Tuesday, June 23, 2009

Native Americans

I recently visited Indian Grinding Rock State Park in Pine Volcano, several miles east of Jackson. The park features a reconstructed (Native American) Miwok village ...
... as well as a ceremonial house:

The park also had some limestone beds that the tribe used as mortars that were then used to grind acorns, hence the name Grinding Rock:

Here's some interesting trivia: the park spells it "Miwok" while the casino owned by the same tribe in nearby Jackson spell it "Miwuk". Another bit of trivia: nearby Jackson is named after Colonel Alden Jackson, no relation to former US President Andrew Jackson.

Speaking of Native Americans and guys named Jackson, I happened to watch The History Channel's episode on Andrew Jackson, who was president during the 1800s. The interesting part of that show was when they discussed Andrew Jackson's relationship with the Native Americans. They're apparently not fans of each other. Jackson forcibly removed them through the Indian Removal Act. The forced migration west came to be known as the Trail of Tears. Many tribes like the Cree and Cherokee view Jackson as a traitor and consider him a war criminal. Many refuse to use the $20 bill and have even considered banning the $20 bill at their casinos because Jackson is on that bill. If you get the chance, try to catch the episode if they air it again on The History Channel.

Technorati tags: Indian Grinding Rock

15 comments:

Kayni said...

This is cool stuff. By the way, do they use the $20 bill at the Miwuk casino?

D@phn3 L@ur@ said...

Interesting trivia. But what if their change is US$20? Would they simply say 'keep the change'? :D

witsandnuts said...

Very interesting. I remember one quiz that I took in Facebook, it says I'm a Native American in my past life. Haha.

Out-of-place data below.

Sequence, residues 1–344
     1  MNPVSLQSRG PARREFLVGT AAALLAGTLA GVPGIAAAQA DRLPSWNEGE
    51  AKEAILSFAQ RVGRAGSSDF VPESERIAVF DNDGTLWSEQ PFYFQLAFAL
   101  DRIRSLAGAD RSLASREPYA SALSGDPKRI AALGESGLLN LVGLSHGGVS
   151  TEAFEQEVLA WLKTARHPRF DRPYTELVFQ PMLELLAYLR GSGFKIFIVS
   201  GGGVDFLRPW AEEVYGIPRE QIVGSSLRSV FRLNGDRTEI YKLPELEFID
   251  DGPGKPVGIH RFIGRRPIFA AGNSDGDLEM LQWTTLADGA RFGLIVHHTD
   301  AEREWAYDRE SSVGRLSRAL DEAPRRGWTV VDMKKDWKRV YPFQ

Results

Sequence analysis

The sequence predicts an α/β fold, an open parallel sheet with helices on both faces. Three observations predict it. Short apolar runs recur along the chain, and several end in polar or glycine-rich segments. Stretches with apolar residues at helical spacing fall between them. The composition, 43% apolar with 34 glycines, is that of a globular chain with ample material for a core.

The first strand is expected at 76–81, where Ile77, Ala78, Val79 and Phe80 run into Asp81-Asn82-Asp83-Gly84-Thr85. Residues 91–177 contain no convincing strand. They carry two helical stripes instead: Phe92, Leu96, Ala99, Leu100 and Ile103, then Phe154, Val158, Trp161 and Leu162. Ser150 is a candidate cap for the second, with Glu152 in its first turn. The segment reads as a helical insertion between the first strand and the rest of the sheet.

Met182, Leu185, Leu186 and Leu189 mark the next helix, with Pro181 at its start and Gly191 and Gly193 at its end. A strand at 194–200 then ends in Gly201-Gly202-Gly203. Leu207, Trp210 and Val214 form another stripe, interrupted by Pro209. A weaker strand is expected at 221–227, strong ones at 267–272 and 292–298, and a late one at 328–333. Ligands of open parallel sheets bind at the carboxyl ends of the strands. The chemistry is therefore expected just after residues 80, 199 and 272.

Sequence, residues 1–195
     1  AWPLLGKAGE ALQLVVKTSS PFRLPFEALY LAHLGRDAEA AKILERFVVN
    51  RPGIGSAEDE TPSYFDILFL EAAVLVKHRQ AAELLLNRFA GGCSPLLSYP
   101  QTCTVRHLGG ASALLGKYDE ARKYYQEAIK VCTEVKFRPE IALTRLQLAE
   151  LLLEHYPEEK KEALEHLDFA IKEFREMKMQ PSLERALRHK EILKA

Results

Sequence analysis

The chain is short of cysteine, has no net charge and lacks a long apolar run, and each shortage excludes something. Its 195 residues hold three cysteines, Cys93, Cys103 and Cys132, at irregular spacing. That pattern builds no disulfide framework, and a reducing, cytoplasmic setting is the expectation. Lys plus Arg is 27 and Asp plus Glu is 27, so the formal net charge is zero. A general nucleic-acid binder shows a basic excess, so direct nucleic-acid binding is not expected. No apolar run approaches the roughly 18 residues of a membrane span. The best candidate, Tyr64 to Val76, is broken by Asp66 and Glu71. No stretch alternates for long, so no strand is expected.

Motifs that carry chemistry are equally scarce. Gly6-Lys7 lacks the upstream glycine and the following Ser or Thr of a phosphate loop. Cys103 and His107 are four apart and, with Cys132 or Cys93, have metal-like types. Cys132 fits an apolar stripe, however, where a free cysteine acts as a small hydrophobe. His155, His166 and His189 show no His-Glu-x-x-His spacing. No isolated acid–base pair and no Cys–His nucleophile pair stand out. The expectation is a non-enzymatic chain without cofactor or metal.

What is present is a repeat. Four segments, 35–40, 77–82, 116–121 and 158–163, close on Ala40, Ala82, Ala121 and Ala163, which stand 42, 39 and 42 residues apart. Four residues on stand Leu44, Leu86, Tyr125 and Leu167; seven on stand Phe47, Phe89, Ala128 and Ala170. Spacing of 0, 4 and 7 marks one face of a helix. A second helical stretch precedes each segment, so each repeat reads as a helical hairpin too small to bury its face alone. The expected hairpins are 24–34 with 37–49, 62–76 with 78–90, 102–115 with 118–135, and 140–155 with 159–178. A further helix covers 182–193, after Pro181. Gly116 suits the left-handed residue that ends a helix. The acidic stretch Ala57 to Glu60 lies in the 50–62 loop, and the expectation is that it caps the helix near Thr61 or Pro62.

TruBlue said...

Hahaha! I'm sure there's small genre of First Americans who are fanatics and maybe don't accept the 20 dollar bill.

Just like this African-American I came to know whose deep-seated animous towards whites is quite extreme; when he eats a loaf of bread, he removes the "white" part of the bread. It's true!

Wil said...

Kayni, it was only a suggestion by Judge Patrick Moore of the Cree Nation to refuse $20 in the casinos, but I don't think they actually agreed to ban it. Also, I don't know if the Miwuks feel as strongly about Jackson as the the Cree, Cherokee, etc., who were directly affected by Jackson's policies.

Daphne, in the episode, Prof. Donna Akers of the Univ. of Nebraska says that many Native Americans insist on using $10 bills instead of $20 bills. So in your example, they'll just get two $10 bills instead of one $20 bill. ;-)

witsandnuts, LOL. People love those quizzes. ;-)

TB, like the character Nat X from Saturday Night Live. hehe

The white part of the bread? hmmm .... wheat bread is better anyway. hehe

fortuitous faery said...

the limestone bed-cum-mortars is amazing! equally interesting is their hatred for the $20 bill.

Photo Cache said...

Galing ka sa casino ano?

I would love to check that out when opportunity for a road trip comes.

tanivillamora said...

Very interesting trivia. I love reading about Native Americans. They're a very proud race.

Wil said...

Fortuitous Faery, yes, Donna Akers commented that Jackson being adulated on the US currency and in textbooks is "absurd and unfortunate".

Photo Cache, oh, no, I'm not much of a gambler. I just saw the spelling on their website. but visiting an Indian casino one day might be interesting. =)

They are indeed, Tani. :)

bw said...

interesting. I always wondered why casinos are always built in native owned lands - even here in Canada.

bing said...

why do they need to grind acorns?

tin-tin said...

hala! what if what you have are just $20 bills? lagot ka. hehe ;p

Wil said...

bw, my understanding is that Native American lands are not subject to some American laws like gambling laws.

bing, they grind acorns to make flour which they then use to make bread or porridge. That's what I read anyway. hehe

Tin, siguro they make exceptions, db? hehe

haze said...

Really a nice place to visit. It reminds me of our Bahay Kubo :D !

Wil said...

Haze, yes, visit the Native American sites if you ever get the chance to visit the states. :D